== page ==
$100,000 tickets to see LeBron break that record on the Thursday, only to have him break the record on a Tuesday. Wa-Waah.

Part of me feels sorry for these people who spent tons of money essentially betting on high-priced tickets to see LeBron James break his record during a Thursday game, only to have James break the record on Tuesday.

Sad trombone:

John Larson lives in Utah, but he really wanted to be in Los Angeles to watch LeBron James make history.

Mr. Larson, 54 years old, and his 24-year-old son, Adam, had studied Mr. James’s stats and took a gamble that this week the NBA star would break the league’s all-time scoring record.

Based on their math, they thought Mr. James would make history on Thursday, when his team, the Los Angeles Lakers, are set to play the Milwaukee Bucks at home. The Larsons bought nosebleed seats for sky-high prices: $333 each, double what similar seats would cost come Wednesday. They also booked a hotel and flights to travel on game day from Utah to Los Angeles.

But on Tuesday, Mr. Larson watched from his home in South Jordan, Utah—and not a noisy arena—as Mr. James netted his 38,388th point, breaking a scoring record Kareem Abdul-Jabbar had held for nearly four decades, in a game against the Oklahoma City Thunder.

“What the heck?” thought Mr. Larson, who supervises a team selling vacation packages for an airline. “I was cringing with every shot that he made.”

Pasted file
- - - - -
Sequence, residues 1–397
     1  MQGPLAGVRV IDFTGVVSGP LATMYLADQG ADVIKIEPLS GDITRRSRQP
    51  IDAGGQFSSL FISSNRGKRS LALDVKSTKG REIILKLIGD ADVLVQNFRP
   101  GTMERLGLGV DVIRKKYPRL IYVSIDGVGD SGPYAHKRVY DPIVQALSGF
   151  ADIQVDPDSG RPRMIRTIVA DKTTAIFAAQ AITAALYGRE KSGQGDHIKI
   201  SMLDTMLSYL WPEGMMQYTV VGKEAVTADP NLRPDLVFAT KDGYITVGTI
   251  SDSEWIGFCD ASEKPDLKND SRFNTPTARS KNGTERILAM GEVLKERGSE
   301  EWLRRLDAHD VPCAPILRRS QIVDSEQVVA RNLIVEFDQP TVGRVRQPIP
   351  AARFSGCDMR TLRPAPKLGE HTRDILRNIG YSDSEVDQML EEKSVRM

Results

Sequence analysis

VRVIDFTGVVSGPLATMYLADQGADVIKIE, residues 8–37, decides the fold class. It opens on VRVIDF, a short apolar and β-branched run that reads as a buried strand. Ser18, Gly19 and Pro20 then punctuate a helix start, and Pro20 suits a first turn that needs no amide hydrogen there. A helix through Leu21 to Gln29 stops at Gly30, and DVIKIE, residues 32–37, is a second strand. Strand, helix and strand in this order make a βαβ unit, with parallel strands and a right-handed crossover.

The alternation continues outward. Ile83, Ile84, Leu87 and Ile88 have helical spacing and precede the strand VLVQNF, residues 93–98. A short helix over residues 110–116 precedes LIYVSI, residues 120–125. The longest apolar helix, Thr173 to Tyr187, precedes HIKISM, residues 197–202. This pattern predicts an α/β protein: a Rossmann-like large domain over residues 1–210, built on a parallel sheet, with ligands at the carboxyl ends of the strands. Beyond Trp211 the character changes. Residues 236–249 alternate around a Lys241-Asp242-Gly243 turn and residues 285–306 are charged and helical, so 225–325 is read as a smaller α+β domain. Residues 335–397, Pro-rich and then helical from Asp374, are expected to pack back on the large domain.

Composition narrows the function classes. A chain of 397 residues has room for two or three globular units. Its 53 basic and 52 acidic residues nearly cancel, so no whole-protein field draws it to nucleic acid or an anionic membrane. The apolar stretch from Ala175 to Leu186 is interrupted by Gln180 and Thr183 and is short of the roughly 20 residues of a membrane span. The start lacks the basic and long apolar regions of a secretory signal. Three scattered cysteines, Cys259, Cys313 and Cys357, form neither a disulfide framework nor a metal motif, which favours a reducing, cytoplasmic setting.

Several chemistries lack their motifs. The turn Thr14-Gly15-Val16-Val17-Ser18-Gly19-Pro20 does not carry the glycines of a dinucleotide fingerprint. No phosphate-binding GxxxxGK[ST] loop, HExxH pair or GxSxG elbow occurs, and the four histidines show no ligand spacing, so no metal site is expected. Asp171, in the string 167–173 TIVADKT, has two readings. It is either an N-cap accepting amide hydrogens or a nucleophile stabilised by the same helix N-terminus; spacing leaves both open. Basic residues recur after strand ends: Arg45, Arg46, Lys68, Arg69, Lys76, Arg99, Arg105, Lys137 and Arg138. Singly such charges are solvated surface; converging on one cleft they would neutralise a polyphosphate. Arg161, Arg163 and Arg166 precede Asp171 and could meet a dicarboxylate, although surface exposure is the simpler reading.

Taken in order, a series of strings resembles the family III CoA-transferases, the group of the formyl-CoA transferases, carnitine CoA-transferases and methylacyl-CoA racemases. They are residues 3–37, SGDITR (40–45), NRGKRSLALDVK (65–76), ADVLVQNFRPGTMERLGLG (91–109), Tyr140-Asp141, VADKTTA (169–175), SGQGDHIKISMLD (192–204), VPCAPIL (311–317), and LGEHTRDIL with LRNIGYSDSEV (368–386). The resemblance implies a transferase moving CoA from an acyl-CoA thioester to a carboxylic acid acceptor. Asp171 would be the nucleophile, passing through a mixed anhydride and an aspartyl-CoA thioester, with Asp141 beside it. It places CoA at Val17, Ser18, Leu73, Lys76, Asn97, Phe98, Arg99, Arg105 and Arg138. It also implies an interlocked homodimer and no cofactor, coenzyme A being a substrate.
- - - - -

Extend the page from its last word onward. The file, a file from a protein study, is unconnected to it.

Mr. Larson still plans to go to the game Thursday, he said, having paid so much for tickets and travel. He and other basketball fans had spent big money for the chance to see Mr. James break the record.

Ticket prices for upcoming Lakers games soared this week as word spread that Mr. James was on track to break the record. Some resellers listed their courtside seats for $100,000, while normally affordable seats in the rafters were priced at several hundred dollars.

If you have $100,000 to stupidly burn on a basketball game, I doubt this bit of bad luck will matter much in the long run. Like I said, I sort of feel sorry for these suckers. Then again, sorta not.

I really can’t think of anything (in terms of entertainment) I love so much that I would burn $100,000 on it if I had that kind of money. In a world full of starving people, plopping $100,000 into the pockets of LeBron James (or any sports figure), their team and their league makes no sense to me.

LeBron James is reportedly worth $1 billion dollars.

Weird priorities run rampant in this allegedly Christian country.

LeBron James thanks you for buying his overpriced basketball tickets so he can add to his $1 billion net worth.

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